The Institute of Contemporary Studies, a conservative research organization established by former aides to Ronald Reagan after Reagan left the statehouse in Sacramento, sponsored the first conference of Black neoconservatives in San Francisco in December, 1980. Called The Fairmont Conference, it attracted about 125 conservative Black lawyers, physicians, dentists, ivy league professors, and commentators. It remains the best-known gathering of Black conservative thinkers and policy makers.
A review of prominent Black conservatives’ careers reveals the extent to which they have benefited from their corporately-funded presence in white conservative foundations, think tanks, and publications.
Thomas Sowell is a senior fellow at the conservative Palo Alto think tank, The Hoover Institution on War, Revolution, and Peace. Sowell is the most prolific of the Black conservative intellectuals; his fourteen books have been widely reviewed in conservative and mainstream publications alike. Conservative publications such as Commentary, The American Spectator, Human Events, The Wall Street Journal, Barron’s, and Businessweek consistently provide the most glowing reviews. Articles by and/or about Sowell have appeared in numerous mainstream publications such as Time, Newsweek, The Washington Post, and The New York Times, among others.
When Sowell decided in 1981 to start a (short-lived) organization explicitly intended to counter the NAACP, the Black Alternatives Association, Inc., he reportedly received immediate pledges totaling $1,000,000 from conservative foundations and corporations.
Glenn Loury’s reputation and influence rest on only one book and a series of articles that have appeared in most of the major mainstream publications, as well as the conservative Wall Street Journal, Commentary, and The Public Interest. The Heritage Foundation published one of his best known essays, “Who Speaks for American Blacks,” as a monograph in A Conservative Agenda for America’s Blacks. Boston University’s rightist President John Silber hired Loury when Loury left Harvard University’s Kennedy School of Government.
Robert Woodson has served in several capacities at the American Enterprise Institute. Woodson is also an adviser for the Madison Group, a loose affiliation of conservative state-level think tanks, launched in 1986 by the American Legislative Exchange Council or ALEC. ALEC is an association of approximately 2,400 conservative state legislators and is housed in the Heritage Foundation’s headquarters in Washington, D.C. The conservative John M. Olin Foundation gave $25,000 to Woodson’s National Center for Neighborhood Enterprise. Woodson’s 1987 book, Breaking the Poverty Cycle: Private Sector Alternatives to the Welfare State, was published by the conservative National Center for Policy Analysis in Dallas, then reissued in 1989 by the conservative Commonwealth Foundation, on whose board he sits.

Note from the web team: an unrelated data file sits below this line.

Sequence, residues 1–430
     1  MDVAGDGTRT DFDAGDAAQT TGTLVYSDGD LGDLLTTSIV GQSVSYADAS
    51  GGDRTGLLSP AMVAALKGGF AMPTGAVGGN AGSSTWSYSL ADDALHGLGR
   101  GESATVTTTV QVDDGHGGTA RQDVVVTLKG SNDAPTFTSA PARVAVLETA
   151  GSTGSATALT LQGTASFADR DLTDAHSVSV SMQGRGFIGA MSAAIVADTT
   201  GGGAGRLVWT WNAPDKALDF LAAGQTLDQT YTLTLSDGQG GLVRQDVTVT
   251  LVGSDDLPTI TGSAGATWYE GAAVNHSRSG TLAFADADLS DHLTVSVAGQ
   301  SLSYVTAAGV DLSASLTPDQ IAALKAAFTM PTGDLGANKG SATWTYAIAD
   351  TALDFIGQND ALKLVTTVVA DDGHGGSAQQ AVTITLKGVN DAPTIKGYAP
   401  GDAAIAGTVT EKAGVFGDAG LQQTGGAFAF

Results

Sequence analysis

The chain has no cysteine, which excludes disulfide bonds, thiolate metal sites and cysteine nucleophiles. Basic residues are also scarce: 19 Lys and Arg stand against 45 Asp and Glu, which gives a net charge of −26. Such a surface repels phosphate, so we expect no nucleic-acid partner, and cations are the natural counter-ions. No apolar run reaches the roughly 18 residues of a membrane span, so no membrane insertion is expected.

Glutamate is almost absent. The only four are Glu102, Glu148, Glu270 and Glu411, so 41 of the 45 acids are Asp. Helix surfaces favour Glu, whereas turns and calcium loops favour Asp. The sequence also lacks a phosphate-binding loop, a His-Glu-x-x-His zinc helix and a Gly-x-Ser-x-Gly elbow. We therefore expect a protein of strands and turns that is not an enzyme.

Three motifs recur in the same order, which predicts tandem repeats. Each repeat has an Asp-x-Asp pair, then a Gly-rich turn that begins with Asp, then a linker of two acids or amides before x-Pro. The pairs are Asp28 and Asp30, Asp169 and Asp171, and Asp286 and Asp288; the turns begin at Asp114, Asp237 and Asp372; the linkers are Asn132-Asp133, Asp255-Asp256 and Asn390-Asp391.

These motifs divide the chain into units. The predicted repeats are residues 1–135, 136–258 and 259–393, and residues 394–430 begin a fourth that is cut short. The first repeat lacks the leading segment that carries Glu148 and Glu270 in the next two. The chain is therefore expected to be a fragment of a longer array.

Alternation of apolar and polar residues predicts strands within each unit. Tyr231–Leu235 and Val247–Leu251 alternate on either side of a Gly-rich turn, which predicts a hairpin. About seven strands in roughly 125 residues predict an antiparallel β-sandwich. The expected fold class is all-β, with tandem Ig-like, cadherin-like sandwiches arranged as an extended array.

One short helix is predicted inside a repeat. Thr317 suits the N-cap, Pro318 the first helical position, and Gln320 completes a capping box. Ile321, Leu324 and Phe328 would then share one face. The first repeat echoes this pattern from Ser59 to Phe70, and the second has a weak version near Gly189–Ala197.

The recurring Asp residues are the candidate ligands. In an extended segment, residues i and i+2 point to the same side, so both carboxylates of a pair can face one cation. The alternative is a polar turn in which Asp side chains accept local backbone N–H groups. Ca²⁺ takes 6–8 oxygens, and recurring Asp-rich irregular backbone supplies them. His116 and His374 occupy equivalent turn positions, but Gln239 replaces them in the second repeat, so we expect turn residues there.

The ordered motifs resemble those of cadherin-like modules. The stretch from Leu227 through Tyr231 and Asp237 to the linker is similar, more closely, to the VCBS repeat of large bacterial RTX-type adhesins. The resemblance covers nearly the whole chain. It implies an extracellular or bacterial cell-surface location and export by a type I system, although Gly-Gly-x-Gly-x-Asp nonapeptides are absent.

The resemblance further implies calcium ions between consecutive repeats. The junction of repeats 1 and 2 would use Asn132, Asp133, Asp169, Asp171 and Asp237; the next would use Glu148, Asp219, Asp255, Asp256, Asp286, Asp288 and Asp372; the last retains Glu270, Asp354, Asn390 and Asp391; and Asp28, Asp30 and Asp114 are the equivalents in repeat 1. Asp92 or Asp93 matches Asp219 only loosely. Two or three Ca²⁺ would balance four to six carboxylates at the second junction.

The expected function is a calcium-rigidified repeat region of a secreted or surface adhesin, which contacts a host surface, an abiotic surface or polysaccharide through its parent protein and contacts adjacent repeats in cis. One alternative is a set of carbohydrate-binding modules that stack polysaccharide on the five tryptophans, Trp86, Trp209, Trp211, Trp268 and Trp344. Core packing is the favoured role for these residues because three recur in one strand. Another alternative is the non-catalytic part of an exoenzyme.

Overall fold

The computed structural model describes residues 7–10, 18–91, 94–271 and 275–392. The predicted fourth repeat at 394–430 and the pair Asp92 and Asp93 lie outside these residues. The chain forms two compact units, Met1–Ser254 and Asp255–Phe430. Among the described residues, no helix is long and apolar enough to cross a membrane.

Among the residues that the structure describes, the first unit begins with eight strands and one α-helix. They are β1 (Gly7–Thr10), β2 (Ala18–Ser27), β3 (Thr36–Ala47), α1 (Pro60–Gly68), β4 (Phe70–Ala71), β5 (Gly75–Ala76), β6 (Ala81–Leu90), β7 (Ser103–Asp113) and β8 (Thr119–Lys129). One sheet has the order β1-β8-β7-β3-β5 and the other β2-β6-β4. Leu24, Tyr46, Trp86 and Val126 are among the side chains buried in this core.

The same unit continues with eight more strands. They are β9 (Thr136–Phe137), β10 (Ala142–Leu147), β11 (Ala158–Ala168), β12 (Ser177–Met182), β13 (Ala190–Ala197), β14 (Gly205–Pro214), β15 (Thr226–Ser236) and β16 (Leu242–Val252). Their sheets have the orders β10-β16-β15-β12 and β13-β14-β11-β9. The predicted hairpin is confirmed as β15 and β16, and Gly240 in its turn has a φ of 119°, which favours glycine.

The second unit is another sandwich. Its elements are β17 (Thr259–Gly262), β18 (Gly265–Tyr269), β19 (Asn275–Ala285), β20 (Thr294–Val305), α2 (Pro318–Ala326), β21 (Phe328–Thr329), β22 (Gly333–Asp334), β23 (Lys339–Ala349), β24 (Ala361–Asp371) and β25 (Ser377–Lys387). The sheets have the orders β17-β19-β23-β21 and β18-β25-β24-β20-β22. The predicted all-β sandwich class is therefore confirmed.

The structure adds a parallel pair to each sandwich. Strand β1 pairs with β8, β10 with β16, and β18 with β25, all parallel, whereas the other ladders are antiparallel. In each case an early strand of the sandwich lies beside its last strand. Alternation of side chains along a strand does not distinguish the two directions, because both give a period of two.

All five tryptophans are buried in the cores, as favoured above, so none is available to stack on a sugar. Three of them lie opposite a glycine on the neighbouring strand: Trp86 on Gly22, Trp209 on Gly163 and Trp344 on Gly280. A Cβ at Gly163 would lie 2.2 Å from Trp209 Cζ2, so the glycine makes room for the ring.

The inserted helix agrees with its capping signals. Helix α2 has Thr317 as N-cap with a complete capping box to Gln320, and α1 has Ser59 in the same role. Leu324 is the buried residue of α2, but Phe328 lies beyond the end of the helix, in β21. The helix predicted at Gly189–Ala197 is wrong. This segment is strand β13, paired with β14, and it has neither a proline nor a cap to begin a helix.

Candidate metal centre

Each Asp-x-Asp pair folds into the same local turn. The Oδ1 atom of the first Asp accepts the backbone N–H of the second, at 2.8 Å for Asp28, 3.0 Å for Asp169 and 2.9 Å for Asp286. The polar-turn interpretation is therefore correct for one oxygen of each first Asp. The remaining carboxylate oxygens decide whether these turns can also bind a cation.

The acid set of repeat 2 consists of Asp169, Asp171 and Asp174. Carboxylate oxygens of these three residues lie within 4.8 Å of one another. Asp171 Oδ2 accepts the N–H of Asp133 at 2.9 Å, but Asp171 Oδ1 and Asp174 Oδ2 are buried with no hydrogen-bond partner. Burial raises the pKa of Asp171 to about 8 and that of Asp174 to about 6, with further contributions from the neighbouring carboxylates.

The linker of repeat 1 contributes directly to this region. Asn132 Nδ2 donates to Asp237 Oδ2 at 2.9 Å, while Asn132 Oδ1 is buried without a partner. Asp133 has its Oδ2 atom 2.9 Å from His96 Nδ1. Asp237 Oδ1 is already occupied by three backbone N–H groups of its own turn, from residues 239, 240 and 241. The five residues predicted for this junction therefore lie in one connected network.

Walter Williams is the John M. Olin Distinguished Professor of Economics at George Mason University, has been a fellow at the Hoover Institution and at the Heritage Foundation, and received funding for one of his books from the Scaife Foundation.
The importance of these ties is not white conservative patronage per se. Black liberals benefit from similar ties to liberal institutions. A critical intellectual difference, however, is that Black liberals’ analyses and policy ideas originated in their experiences in the Civil Rights and Black Power movements, movements that emerged from the African American community. Black liberals’ analyses, limited though they are, continue to be shaped by their Black constituents, who help fund civil rights organizations and elect them to office. It is important to question the implications of the fact that Black conservatives’ arguments originate in white conservatives’ arguments, and that Black conservatives are in no way answerable to a Black constituency.
The historical distinction between white liberals and white conservatives is also a critical one. White liberal patrons and allies have historically allied themselves with, not against, Black interests. During the civil rights struggles, the only place white conservatives could be found was implicitly or explicitly beside Bull Connor, Strom Thurmond, Lester Maddox, and George Wallace. The white conservatives with whom Black conservatives are allied tried to obstruct the very civil rights legislation which even Black conservatives concede was necessary to create what they insist is now a largely discrimination-free America.
Today Black conservatives belong to a Republican Party thoroughly tainted by racism, whose leadership openly pursues a “southern strategy,” employing racially polarizing tactics. Ironically, even today white conservatives remain ambivalent over the desirability of attracting more Blacks to conservative causes and to the Republican Party. Those favoring outreach to Blacks and other minorities have various motives. Pragmatic Republican strategists want to capture at least some of the solid Black support for the Democratic Party. Further, many conservatives recognize that sometime in the 21st century a majority of the U.S. population will be people of color. Given the historical role played by the traditionally politically liberal African American community as a catalyst for change, many mainstream white conservatives believe conservatism must become more inclusive if it is to survive.
Additionally, many Jewish conservatives seek an alliance with Black conservatives, who represent a sector within the African American community that will unite with them in support of Israel. The result is to diminish African American support for Palestinian and Arab causes and the related criticism of military ties between Israel and South Africa.